Hey Celes, I’ve always been the listener, the one who gives in, and the one who holds back for others. But now I just really want someone to hear me out and understand where I’m coming from. Is this expectation silly? Or I should try communicating this need to my friends? I just don’t know how though. – Sejal
Hey Sejal, changing the dynamics of a relationship from being a giver to a receiver or 50–50 giver-receiver can be tough, but not impossible. Perhaps what might help is if I share my personal example on how I have achieved that.
My Early Friendships
When I was in my pre-teens, I was the listener in majority of my friendships. I rarely talked because I didn’t like to (I thought talking was stupid and obnoxious then). If people had something to say to me I would listen, but I would rarely speak unless asked to do so.
As I grew up, I became more vocal, driven by personal goals and environmental factors. However, the dynamics of my past friendships remained the same. Amongst old friends, I continued to be the person who was expected to listen. This expectation wasn’t so with my new relationships though. Since there were no preset expectations with my new friends, I was free to act in whatever way I desired, including openly talking about myself.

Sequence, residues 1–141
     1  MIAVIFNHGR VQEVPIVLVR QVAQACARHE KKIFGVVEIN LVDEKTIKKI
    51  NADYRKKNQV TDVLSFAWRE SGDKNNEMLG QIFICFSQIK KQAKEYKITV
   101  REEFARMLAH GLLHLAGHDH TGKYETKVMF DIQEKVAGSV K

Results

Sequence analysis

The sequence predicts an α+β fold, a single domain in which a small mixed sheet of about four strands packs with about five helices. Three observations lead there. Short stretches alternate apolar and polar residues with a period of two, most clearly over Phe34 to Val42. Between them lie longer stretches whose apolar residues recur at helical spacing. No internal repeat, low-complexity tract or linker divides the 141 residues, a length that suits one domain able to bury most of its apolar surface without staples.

With my old relationships, I felt stifled after a while. I didn’t want to be the person listening 100% of the time but it was unfortunately the case. My friends would continuously share about themselves in a non-stop fashion, asking for my advice and opinions each time, but never asking about myself or my life. It was like a one-way street.
Meeting New People When Traveling
Then when I was in Europe and U.S. last year, I met many new people. I noticed that many people, particularly Americans, were much more vocal than people in Asia. (It is not really a distinction between Caucasians and Asians as I met many Asians while in U.S. and London, but that of the western culture and Asian culture.)
Initially, I found their sharing tendency perplexing. “Why are these people voluntarily sharing so much about themselves, when no one asked them to do so? Why are they talking and talking without letting the other person speak?” I wondered. I thought perhaps they were simply being “loud”. I thought perhaps they had overbearing personalities which made them constantly push information to other people, even when other people were not asking for it.